Alien: Resurrection (1997) We'll probably get a lot of flak for liking this as much as we do, but it's a perfectly good sci-fi film. As long as you don't directly compare it to the previous work of Scott and Cameron then you're in for a good time. Alien: Resurrection brings plenty of new and exciting ideas to the franchise and takes the seek and destroy action back up into the depths of space aboard a freight ship. The Ripley in the fourth Alien is a clone, so you continually get that inescapable feeling that she isn't THE Ripley, but she still kicks plenty of hide nonetheless as she tag teams with a cast that includes Ron Perlman, Winona Ryder, Amelie's Dominique Pinon, and CSI's Gary Dourdan, to take out a multitude of aliens. Alien: Resurrection is wrapped up in plenty of action, a highly intense scene atop a ladder hundreds of feet high, and a pretty funny speech gag that involves Ripley and a fork.

All four films look simply dazzling, particularly the first two. The remastering has produced ultra-sharp images with lush colour and glossy blacks. The sound, too, has been spruced up substantially – this is truly the closest that you'll get to a cinema experience at home. The set contains six discs. Each film has its own disc, which contains two versions of each movie (the original theatrical versioon, plus a director's cut or special edition) along with audio commentaries. The other two discs contain more than 60 hours of extra features, including every piece of bonus material ever released on all the previous Alien collections (the full list is below, after the image of the laid-out box set) – and some of it NEVER released before. This truly is an amazing collection, and a must-have for all true fans of the Alien films.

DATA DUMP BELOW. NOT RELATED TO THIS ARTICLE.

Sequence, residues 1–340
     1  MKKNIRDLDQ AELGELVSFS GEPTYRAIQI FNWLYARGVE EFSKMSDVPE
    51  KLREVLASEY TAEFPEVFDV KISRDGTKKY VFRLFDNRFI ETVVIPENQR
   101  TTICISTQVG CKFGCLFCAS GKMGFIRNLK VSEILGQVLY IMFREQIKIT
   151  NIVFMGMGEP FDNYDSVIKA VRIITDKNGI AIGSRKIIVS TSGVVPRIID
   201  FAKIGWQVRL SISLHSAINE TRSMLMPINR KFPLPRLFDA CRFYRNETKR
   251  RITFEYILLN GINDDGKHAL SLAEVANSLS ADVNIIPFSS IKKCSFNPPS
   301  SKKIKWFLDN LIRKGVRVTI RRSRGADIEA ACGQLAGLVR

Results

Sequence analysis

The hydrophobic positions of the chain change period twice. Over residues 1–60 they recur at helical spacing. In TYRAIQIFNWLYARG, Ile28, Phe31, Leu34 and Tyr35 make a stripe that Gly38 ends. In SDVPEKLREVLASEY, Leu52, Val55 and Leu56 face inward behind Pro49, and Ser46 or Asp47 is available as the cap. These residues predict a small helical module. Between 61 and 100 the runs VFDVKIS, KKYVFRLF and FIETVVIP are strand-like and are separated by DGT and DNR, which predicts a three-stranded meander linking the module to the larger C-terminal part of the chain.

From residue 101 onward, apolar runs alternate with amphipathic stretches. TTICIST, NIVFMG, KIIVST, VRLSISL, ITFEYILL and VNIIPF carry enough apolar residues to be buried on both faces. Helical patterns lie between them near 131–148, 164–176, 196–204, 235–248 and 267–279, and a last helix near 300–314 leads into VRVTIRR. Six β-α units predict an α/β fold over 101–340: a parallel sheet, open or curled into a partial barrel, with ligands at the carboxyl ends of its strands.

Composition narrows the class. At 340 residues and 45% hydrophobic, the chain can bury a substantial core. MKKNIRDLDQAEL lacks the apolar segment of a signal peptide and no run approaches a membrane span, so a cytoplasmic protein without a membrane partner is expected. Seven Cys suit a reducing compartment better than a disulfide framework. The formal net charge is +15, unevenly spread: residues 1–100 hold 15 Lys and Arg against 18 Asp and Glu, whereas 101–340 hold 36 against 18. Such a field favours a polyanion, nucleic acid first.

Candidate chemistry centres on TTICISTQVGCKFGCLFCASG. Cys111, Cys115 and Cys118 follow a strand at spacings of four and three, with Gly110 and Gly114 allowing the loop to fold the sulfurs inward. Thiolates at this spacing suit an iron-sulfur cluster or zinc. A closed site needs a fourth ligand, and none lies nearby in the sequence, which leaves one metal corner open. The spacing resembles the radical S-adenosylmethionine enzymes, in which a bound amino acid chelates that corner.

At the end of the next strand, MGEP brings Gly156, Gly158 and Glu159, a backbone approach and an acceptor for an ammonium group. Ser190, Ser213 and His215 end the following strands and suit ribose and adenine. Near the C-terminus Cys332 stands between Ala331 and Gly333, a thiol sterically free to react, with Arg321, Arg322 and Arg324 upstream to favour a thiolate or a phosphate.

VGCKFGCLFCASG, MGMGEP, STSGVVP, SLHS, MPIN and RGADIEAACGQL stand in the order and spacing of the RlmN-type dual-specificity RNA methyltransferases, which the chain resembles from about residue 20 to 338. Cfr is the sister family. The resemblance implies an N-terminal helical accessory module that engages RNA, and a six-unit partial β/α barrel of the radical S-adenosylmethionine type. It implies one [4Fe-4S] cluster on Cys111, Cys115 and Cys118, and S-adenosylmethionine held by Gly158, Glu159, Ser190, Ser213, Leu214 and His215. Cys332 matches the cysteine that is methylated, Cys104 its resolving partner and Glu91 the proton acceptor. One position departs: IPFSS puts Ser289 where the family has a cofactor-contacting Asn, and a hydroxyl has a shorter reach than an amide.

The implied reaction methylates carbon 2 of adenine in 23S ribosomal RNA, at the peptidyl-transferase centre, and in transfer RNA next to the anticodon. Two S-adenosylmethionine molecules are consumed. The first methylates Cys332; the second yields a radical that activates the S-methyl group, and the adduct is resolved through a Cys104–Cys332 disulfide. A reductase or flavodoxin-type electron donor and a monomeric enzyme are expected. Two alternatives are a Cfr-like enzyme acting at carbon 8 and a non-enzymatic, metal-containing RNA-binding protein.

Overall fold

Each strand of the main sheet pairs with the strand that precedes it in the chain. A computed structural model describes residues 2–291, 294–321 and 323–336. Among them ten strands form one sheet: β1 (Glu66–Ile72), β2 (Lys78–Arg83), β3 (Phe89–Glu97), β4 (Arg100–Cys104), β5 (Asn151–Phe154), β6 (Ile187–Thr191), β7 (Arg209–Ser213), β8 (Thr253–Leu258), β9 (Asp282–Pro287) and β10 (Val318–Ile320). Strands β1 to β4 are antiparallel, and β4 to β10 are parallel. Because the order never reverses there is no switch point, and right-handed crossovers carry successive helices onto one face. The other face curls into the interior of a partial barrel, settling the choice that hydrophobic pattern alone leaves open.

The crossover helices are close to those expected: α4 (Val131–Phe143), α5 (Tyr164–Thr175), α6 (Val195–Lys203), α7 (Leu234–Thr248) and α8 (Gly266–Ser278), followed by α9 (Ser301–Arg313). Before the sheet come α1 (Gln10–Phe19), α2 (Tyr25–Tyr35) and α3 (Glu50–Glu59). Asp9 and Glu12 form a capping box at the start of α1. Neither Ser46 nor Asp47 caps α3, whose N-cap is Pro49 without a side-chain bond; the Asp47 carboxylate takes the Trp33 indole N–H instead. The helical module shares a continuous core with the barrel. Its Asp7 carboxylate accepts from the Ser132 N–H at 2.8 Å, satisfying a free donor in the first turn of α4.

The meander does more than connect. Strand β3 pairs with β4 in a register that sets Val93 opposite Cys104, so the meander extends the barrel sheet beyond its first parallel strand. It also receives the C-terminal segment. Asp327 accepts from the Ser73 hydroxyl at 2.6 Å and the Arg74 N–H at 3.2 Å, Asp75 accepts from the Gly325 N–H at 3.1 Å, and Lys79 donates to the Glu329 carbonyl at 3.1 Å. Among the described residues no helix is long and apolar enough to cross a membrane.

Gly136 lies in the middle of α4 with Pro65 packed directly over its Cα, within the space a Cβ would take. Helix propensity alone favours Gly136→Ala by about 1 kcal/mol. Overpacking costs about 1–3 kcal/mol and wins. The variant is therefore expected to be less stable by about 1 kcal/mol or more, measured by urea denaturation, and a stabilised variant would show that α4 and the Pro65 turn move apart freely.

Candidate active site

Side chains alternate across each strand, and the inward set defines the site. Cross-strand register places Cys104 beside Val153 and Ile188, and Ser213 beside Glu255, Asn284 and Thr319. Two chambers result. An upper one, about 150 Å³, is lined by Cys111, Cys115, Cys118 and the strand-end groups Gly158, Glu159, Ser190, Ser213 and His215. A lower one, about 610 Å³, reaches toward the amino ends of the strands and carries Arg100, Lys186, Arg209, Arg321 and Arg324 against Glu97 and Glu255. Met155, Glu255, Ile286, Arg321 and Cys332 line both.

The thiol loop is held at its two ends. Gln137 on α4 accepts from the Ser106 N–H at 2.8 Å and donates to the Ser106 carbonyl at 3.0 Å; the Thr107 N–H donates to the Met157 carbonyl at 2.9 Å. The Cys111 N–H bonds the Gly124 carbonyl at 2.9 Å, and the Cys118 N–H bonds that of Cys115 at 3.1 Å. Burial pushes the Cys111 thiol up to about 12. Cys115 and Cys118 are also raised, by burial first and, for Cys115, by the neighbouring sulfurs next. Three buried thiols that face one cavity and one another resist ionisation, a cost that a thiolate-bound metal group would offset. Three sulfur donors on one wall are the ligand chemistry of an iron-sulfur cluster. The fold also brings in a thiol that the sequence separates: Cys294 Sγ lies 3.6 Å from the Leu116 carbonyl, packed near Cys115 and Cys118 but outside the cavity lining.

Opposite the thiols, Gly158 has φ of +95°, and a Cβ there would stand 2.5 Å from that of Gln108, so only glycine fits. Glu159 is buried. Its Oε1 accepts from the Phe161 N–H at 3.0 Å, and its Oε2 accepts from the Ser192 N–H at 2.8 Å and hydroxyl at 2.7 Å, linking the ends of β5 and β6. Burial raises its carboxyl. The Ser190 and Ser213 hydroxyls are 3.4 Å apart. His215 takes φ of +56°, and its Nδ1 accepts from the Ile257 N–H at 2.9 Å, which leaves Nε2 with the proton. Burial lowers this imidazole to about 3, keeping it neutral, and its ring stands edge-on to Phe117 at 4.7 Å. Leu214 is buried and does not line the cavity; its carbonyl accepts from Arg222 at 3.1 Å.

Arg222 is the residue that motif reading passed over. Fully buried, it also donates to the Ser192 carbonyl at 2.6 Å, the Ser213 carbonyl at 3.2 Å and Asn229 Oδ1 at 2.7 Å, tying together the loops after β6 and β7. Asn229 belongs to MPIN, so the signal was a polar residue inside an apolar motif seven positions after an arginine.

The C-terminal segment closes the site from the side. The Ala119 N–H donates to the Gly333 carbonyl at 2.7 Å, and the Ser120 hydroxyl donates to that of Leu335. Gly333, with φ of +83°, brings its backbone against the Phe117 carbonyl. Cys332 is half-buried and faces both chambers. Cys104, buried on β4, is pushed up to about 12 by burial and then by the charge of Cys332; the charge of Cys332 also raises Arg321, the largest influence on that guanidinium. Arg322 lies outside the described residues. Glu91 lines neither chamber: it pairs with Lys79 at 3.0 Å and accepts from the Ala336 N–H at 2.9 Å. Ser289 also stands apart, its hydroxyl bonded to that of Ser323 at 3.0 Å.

Alien Anthology Blu-ray 6-disc Box Set